Tag Archives: rpgs

The RPG Square’s 1st Birthday

The RPG Square has now been in operation for over a year, allowing me to share my thoughts and opinions about some of the greatest RPGs ever created.

I will continue to update with reviews, editorials, music reviews and top 5 lists of games I have played and loved. I have also decided to start adding some previews of upcoming RPGs that have caught my interest. If you have any other ideas, please add your thoughts in the comments.

Thank you for reading, commenting and reminiscing about all these stories and characters, that we have all experienced!

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Filed under Editorial

Which Console Had The Best RPGs? (Part 2)

While the Super Nintendo is home to some of the true classics of the genre, the original PlayStation offers a huge variety of RPGs with more mature storylines, deeper mechanics and the introduction of mesmerising FMVs. The PS1 allowed developers more freedom to enhance the way they could present their stories which provided many new features to the genre.

Sony PlayStation (PS1)

With the extra power provided by the PlayStation hardware, RPGs such as the magnificent Final Fantasy VII amazed players with Full Motion Videos (FMVs) that helped depict important moments in the game in a more impressive way. Coming from 2D sprites, to seeing worlds realised in 3D was exciting for players at the time. Watching an emotional scene or intense action in more detail was something to look forward too, rather than a chore as in many modern games.

Stories became more ambitious too, involving more mature and complex plotlines, as well as adding more depth to characters. PS1 RPGs delved into themes unexplored by video games at the time and games such as Xenogears featured memorable characters, dealing with real issues that players could relate to. While Final Fantasy Tactics offered a plot filled with political intrigue, murder and heresy. More detailed character models and environments added to the sense of atmosphere and made the narratives more compelling to the player.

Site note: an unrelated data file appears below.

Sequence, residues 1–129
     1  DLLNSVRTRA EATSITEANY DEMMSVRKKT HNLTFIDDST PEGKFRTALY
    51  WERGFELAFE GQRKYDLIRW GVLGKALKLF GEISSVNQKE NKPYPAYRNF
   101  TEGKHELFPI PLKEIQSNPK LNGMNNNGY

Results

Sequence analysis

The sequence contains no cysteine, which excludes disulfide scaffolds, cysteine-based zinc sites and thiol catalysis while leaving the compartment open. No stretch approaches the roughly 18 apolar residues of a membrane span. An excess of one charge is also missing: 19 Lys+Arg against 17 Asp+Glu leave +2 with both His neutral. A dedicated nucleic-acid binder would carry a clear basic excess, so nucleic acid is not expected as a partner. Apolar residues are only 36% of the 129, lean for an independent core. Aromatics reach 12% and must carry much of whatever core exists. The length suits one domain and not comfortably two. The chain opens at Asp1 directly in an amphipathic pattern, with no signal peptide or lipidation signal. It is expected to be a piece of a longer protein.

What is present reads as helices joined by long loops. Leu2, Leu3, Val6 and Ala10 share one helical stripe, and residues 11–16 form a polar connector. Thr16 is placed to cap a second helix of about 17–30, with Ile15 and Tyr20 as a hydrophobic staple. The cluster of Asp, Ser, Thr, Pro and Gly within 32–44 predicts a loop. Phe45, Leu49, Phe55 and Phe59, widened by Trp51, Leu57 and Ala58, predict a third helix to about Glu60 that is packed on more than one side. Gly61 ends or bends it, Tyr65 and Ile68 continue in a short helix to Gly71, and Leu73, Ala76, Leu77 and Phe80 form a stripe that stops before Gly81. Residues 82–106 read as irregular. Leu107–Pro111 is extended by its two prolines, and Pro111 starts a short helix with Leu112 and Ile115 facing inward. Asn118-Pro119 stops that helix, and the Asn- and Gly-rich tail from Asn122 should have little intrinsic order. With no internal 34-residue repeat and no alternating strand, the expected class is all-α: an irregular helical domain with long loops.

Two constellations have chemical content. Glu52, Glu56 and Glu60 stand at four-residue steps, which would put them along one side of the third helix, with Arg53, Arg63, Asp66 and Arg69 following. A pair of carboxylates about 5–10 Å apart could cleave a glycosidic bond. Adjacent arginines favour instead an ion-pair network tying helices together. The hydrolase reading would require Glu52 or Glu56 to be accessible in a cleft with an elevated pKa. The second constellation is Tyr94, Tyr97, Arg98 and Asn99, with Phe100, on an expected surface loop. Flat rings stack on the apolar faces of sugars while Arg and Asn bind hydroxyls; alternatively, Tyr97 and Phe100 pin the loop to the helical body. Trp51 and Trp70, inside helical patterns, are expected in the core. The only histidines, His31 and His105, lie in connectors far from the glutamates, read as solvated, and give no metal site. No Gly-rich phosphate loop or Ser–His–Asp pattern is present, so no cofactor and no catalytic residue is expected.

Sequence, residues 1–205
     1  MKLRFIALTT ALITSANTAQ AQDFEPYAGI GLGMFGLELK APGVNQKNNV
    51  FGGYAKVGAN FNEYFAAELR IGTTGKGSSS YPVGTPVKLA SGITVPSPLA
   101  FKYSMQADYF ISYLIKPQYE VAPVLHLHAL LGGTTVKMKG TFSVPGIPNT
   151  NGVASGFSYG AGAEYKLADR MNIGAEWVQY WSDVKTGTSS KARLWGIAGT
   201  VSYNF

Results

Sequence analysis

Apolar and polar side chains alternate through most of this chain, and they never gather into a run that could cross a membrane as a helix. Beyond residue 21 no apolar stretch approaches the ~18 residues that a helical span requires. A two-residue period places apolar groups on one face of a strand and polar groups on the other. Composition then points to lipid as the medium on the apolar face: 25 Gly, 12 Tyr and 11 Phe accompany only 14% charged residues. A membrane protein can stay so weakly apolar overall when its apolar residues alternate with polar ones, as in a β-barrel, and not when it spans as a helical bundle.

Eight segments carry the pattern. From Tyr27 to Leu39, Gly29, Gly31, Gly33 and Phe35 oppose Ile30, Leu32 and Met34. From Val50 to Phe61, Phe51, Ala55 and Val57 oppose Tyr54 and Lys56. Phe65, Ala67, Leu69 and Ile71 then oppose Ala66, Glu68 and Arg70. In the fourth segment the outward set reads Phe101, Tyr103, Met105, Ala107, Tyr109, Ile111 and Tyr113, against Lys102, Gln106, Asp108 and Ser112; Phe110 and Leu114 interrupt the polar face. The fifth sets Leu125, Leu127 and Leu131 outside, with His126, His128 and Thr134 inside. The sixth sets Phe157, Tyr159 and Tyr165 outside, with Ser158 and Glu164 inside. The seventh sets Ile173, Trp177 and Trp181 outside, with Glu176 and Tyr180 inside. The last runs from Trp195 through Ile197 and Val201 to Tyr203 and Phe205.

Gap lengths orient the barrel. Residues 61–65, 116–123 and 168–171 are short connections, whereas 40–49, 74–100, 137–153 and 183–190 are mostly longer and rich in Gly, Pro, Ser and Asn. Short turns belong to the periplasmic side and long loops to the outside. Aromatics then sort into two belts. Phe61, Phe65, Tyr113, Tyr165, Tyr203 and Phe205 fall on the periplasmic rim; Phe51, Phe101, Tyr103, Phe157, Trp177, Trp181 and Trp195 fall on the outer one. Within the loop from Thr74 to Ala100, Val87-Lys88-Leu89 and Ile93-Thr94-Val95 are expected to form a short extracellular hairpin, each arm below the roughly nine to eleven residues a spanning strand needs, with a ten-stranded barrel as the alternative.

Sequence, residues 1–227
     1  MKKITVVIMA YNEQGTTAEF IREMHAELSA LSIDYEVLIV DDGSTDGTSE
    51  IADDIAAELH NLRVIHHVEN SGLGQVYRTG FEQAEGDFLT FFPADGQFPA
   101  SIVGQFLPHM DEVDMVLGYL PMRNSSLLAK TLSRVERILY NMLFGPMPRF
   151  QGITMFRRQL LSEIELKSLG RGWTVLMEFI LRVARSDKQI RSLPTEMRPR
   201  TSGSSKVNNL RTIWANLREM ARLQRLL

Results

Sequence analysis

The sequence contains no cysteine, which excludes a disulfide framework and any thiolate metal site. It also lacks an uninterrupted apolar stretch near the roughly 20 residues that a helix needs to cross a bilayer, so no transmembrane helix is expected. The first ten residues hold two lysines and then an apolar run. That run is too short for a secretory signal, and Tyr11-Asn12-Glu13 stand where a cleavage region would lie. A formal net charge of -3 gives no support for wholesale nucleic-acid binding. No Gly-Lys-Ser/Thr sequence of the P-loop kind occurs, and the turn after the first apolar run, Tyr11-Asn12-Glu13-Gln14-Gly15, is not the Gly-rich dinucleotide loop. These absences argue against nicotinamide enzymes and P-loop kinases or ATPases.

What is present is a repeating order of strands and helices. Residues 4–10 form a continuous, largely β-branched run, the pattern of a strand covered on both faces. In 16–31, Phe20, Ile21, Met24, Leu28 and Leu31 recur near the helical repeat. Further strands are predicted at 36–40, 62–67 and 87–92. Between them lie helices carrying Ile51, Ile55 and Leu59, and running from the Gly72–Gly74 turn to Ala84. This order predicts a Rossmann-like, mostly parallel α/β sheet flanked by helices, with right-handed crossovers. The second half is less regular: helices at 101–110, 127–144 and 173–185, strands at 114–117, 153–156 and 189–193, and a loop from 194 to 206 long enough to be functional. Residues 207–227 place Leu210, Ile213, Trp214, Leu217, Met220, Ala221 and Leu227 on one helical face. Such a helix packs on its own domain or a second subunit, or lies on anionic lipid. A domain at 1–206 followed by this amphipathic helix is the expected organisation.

Art design and game mechanics were diverse, resulting in RPGs that provided unique experiences. Valkyrie Profile was willing to innovate on traditional mechanics, while Vagrant Story included a battle system and complexity unlike any other RPG before it. Worlds were bigger and more captivating and with the use of pre-rendered backgrounds they were full of detail and life. Designers explored different settings ranging from futuristic and modern, to medieval and even outer space. Experimentation was at its highest and it rewarded players with some the greatest RPGs ever made.

With the use of CD as storage media, RPG music was of higher quality and even vocal pieces were utilised. With voice acting still not common place, music was imperative to the experience and soundtracks such as Chrono Cross featured some of the best orchestral music ever to grace a video game.

RPGs on the PS1 were philosophical and ambitious, leaving players with stories they would never forget. It has a massive number of titles with the best of the best including: Final Fantasy VII, VII and IX, Chrono Cross, Xenogears, Vagrant Story, Final Fantasy Tactics, Legend of Mana, Parasite Eve, Valkyrie Profile, Grandia, Lunar: Silver Star Story Complete, The Legend of Dragoon, Suikoden 1 and 2, Wild Arms, Star Ocean: The Second Story and many more.

The next article will explore the great RPGs developed on the PlayStation 2.